Skip to content
  • KOSPI 2795.41 -38.88 -1.37%
  • KOSDAQ 918.91 -23.94 -2.54%
  • KOSPI200 371.58 -4.50 -1.20%
  • USD/KRW 1193.6 3.20 0.27%
  • JPY100/KRW 1,049.36 5.20 0.50%
  • EUR/KRW 1,353.54 6.78 0.50%
  • CNH/KRW 188.04 0.39 0.21%
View Market Snapshot

Hyundai Motor beats Honda in US for the first time in its 35 years there

Hyundai, Kia US sales up 21.6% on-year to sell 1.49 mn units in 2021, as chip shortage, EV demand rattle global auto industry

By Jan 06, 2022 (Gmt+09:00)

Hyundai's all-electric SUV IONIQ 5
Hyundai's all-electric SUV IONIQ 5

South Korea’s top automaker Hyundai Motor Group beat Japanese rival Honda Motor Co. in the US last year, for the first time in its 35 years of business there, to become the fifth-largest player in the world’s No. 2 car market.

General Motors Co. gave up the throne at home to Toyota Motor Corp. for the first time in 90 years, a sign that the automotive chip shortage, surge in demand for eco-friendly models and decline in internal combustion engine vehicles has rattled the global automobile industry.


Hyundai Motor Co. and Kia Corp., the two carmakers of South Korea’s No. 2 conglomerate, sold a record 1.49 million units together in the US in 2021, up 21.6% from the previous year, according to Automotive News. Their combined market share was estimated to rise to a double-digit. Hyundai sold 787,702 vehicles and Kia supplied 701,416 units, both record highs.

Meanwhile, Honda’s US sales grew 8.9% to 1.47 million units in 2021.

When Hyundai entered the US market by exporting its subcompact Excel in 1986, the South Korean carmaker was booed as Honda’s "copycat," as its logo and the pronunciation of its brand were similar to the Japanese maker’s.
The Hyundai Excel
The Hyundai Excel

Toyota sold 2.33 million cars and trucks last year, up 10.4%, to take down GM from its throne as the No. 1 automaker in the US. GM lost the position for the first time since 1931 when it beat Ford Motor Co. to lead America’s automobile market. Toyota has become the first foreign company to achieve the top place in the US.


Hyundai, Kia and Toyota reaped the rewards of successful supply chain management to cope with the automotive chip shortage that haunted the global auto industry. Most US makers such as GM and Ford, which suspended production in the first half of 2020 due to falling demand due to COVID-19, cut chip orders last year on expectations that demand would remain weak.

But those Asian manufacturers kept operating factories that helped meet surging demand with "revenge shopping," a post-lockdown rush to purchase luxury or durable goods. Hyundai and Kia diversified parts suppliers after suffering from a wiring harness shortage in 2020 that disrupted production.

Strong demand for eco-friendly cars such as electric vehicles helped Hyundai and Kia with their combined sales of EVs, hybrid models and fuel cell vehicles up 196.5% to 100,886 units in the first 11 months of 2021.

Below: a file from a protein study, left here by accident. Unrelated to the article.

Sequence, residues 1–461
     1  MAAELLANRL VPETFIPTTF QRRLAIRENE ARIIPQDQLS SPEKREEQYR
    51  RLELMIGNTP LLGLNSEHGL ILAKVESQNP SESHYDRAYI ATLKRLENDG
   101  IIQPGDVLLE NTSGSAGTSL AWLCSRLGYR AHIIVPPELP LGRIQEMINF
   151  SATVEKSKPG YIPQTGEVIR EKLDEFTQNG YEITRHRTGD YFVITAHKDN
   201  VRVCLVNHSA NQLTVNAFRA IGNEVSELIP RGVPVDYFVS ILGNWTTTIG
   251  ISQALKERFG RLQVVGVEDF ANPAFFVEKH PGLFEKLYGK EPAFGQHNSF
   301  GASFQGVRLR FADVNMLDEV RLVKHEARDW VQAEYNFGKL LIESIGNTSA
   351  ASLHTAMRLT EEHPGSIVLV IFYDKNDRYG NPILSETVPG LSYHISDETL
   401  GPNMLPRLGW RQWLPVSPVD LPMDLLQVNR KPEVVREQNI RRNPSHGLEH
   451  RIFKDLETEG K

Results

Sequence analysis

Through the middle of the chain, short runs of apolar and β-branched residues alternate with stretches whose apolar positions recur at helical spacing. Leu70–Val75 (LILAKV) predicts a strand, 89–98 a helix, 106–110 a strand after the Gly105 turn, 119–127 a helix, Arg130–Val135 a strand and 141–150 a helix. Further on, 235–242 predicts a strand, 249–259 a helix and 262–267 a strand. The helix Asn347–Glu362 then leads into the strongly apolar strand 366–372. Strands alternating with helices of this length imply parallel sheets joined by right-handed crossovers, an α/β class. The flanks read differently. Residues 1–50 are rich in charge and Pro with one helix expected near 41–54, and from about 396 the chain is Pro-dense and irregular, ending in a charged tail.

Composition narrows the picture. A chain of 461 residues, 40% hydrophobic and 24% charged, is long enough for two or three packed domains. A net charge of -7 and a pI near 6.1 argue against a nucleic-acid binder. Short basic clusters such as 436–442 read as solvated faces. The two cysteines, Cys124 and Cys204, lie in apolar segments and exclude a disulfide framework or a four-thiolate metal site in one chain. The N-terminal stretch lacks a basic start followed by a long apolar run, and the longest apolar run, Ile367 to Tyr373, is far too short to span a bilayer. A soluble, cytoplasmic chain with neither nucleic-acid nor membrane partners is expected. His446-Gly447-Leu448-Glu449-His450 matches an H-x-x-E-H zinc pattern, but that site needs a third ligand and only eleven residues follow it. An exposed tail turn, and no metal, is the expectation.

Global sales of EVs soared 62.1% to 9.6 million units last year, even as the automotive chip shortage slashed overall automobile production by 10 million units, about 12% of the world’s demand of 84.2 million vehicles.

Significant improvement in Hyundai and Kia’s product quality also attracted more customers. Hyundai’s premium car brand Genesis successfully settled down in the US market with record sales last year.


GM and Ford took fighting measures to regain their market shares through EVs.

Ford transformed the F-150 pickup truck, America’s bestselling vehicle, into an EV. Ford, which unveiled the all-electric F-150 Lightning last year, received about 200,000 nonbinding reservations for the truck before it stopped taking the preorders last month.
Hyundai Motor beats Honda in US for the first time in its 35 years there

Earlier this week, it announced a plan to nearly double the annual capacity of the F-150 Lightning.

GM followed the suit. GM CEO Mary Barra showcased the electric Chevrolet Silverado pickup truck to be released in 2023 on Jan. 5 at the Consumer Electronics Show (CES) 2022 in Las Vegas.


Global major tech companies joined the competition in the EV market. Sony Group is slated to set up an EV subsidiary – Sony Mobility Inc.

Apple Inc. is moving forward with self-driving car technology and is targeting 2024 to release a passenger vehicle that could include its own breakthrough battery technology, Reuters reported last month.

In the autonomous vehicle sector, tech giants such as Google and Intel Corp. are already taking the lead with Google’s Waymo LLC Intel’s Mobileye, industry sources analyzed.

But the global automobile industry will not be dominated by a few eternal winners in the unlimited competition, analysts said.

Write to Il-Gue Kim, Jae-Yeon Ko and Yeong-Hyo Jeong at

Jongwoo Cheon edited this article.
Comment 0